The Narratio Prima  was well received. " Once the Narratio Prima  was published there was not need to delay the publication of De Revolutionibus Oribium Coelestium...Copernicus received  the first printed copy on his deathbed, 24, May 1543." (Khun 35).

  • Osiander  in a preface, made it clear that Copernicus's word was purely a hypothesis, and not fact. This, he claims was to ward off the Church's watch-dogs, and not get condemned.

  • Osiander and Copernicus didn't really get along. He asked Osiander not to put in a Preface that he Osiander wrote.

  • "Some are appalled at this gigantic piece of deception by Osiander, as Rheticus was at the time, others feel that it was only because of Osiander's Preface that Copernicus's work was read and not immediately condemned." (St Andrews).

"Copernicus's cosmology placed a motionless sun not at the centre of the universe, but close to the centre, and also involved giving several distinct motions to the Earth. The problem that Copernicus faced was that he assumed all motion was circular so, like Ptolemy, was forced into using epicycles . It was consequently considered implausible by the most of his contemporaries, and by most astronomers and natural philosophers until the middle of the seventeenth century. In the intended Preface of De revolutionibus orbium coelestium Copernicus showed that he was fully aware of the criticisms that his work would attract:-

Perhaps there will be babblers who, although completely ignorant of mathematics, nevertheless take it upon themselves to pass judgement on mathematical questions and, badly distorting some passages of Scripture to their purpose, will dare find fault with my undertaking and censure it. I disregard them even to the extent as despising their criticism as unfounded. "(St Andrews).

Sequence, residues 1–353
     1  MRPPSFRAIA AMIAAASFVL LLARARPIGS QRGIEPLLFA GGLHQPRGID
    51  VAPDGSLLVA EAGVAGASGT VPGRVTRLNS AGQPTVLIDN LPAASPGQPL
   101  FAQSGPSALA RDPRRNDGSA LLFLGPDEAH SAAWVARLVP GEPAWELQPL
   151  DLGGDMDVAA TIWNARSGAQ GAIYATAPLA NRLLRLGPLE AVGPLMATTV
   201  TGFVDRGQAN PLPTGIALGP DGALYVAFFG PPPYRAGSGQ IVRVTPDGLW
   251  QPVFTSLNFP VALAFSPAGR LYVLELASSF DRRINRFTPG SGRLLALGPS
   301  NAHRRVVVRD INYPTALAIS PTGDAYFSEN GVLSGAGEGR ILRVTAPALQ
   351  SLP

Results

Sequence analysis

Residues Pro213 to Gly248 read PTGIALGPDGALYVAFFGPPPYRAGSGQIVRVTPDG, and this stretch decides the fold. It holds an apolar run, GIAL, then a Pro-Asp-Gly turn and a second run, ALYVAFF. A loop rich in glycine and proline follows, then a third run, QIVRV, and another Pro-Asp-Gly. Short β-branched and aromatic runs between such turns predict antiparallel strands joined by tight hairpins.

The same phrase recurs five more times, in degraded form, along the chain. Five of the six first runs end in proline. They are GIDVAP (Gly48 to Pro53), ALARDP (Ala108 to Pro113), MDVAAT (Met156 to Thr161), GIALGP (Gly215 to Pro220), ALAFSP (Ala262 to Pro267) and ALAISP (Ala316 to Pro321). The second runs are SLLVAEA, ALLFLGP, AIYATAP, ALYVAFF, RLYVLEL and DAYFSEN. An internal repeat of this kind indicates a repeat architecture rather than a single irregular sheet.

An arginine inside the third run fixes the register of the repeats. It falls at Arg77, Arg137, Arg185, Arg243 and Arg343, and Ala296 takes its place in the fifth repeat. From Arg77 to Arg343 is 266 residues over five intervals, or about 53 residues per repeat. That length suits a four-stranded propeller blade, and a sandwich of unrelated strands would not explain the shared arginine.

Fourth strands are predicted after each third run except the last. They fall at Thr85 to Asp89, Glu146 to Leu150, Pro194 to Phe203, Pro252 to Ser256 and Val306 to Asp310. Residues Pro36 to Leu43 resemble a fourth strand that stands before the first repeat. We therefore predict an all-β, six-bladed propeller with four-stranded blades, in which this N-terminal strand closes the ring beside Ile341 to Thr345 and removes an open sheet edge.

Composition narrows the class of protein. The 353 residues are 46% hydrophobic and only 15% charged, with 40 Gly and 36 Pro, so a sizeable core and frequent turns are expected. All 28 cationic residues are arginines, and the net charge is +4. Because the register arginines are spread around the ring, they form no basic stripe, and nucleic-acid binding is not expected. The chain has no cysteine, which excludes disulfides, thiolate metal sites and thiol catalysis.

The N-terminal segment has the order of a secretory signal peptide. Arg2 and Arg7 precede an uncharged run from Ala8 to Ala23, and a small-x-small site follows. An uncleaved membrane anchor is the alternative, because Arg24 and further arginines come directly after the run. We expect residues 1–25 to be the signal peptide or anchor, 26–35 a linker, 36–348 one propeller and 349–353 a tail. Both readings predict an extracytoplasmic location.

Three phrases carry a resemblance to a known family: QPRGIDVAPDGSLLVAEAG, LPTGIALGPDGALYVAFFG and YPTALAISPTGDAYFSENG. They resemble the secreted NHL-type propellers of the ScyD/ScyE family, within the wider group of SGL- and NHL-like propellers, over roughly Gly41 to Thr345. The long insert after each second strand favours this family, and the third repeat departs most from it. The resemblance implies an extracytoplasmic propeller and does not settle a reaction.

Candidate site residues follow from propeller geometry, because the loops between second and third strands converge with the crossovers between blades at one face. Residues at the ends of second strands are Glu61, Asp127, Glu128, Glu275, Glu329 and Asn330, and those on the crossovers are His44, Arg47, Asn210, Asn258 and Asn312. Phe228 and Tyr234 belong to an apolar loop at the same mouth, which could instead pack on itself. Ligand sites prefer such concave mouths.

Copernicus revolution

Nature verses Geometry

Centrifugal Force

 

"The old argument that bodies not in contact with the Earth - clouds , birds -- should 'remain behind' in case of a rotating Earth, or that a body thrown up vertically would never fall again to the place whence it was thrown, Copernicus replied that these bodies, being ' terrestrial' and consequently sharing the nature of earth, share also its 'natural' motion of rotation which coexists within them together with their own proper motion". (koyre 57)

  • ID: Copernicus, attached geometrics to the principle of uniform circular motion which included the earth creating a new field of thought of a natural motion of the spheres. Why was this important?

  •  Aristotle and Ptolemy, and many more people before Galileo and Descartes,  understood the distinction between the 'violent motion' verses the 'natural motion' argument, but Copernicus assets that the same laws apply to the heavens as well as the earth. ( Kore 57).